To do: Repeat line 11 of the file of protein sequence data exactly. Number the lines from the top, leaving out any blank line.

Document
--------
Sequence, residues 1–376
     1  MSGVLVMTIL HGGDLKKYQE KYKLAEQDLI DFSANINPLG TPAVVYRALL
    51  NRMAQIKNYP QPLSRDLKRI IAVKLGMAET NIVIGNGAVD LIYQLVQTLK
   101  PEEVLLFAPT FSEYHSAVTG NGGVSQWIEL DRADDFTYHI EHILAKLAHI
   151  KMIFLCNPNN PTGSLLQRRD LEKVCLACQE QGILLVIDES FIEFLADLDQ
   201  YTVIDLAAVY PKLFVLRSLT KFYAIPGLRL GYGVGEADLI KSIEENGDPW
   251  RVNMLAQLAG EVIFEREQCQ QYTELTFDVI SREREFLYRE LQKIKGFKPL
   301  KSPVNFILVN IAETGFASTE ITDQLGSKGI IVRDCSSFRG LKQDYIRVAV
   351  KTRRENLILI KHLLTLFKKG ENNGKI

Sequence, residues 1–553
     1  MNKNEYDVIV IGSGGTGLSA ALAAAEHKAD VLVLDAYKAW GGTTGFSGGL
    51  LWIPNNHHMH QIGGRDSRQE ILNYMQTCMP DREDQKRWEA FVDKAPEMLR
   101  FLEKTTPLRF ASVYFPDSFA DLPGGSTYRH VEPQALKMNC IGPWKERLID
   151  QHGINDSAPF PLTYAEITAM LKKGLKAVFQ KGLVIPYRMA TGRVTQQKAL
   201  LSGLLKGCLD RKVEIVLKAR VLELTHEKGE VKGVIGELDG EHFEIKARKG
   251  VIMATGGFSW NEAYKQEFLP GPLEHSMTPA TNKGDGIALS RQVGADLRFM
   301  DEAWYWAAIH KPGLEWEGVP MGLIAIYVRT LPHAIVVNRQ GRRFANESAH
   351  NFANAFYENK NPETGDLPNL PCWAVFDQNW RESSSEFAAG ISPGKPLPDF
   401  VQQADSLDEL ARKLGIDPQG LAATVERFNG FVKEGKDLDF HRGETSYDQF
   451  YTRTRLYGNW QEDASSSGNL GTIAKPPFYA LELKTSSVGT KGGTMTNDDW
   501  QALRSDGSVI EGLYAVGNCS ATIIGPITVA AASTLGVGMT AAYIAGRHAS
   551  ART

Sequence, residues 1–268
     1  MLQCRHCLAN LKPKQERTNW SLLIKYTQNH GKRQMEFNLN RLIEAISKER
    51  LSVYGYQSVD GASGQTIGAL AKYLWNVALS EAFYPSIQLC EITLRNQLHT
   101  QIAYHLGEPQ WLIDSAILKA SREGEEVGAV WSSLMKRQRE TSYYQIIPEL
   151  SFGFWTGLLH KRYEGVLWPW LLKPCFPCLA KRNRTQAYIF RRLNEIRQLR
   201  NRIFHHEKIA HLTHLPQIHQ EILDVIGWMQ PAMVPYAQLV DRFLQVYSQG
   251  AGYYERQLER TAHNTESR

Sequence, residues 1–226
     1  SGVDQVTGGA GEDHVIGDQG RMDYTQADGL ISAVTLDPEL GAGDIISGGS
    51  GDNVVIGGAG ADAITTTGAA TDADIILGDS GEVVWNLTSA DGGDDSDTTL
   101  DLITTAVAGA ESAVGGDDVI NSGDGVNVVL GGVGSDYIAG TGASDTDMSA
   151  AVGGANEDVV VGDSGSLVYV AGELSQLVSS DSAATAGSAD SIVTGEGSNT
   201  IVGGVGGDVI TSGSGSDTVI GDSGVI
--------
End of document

     1  MNKNEYDVIV IGSGGTGLSA ALAAAEHKAD VLVLDAYKAW GGTTGFSGGL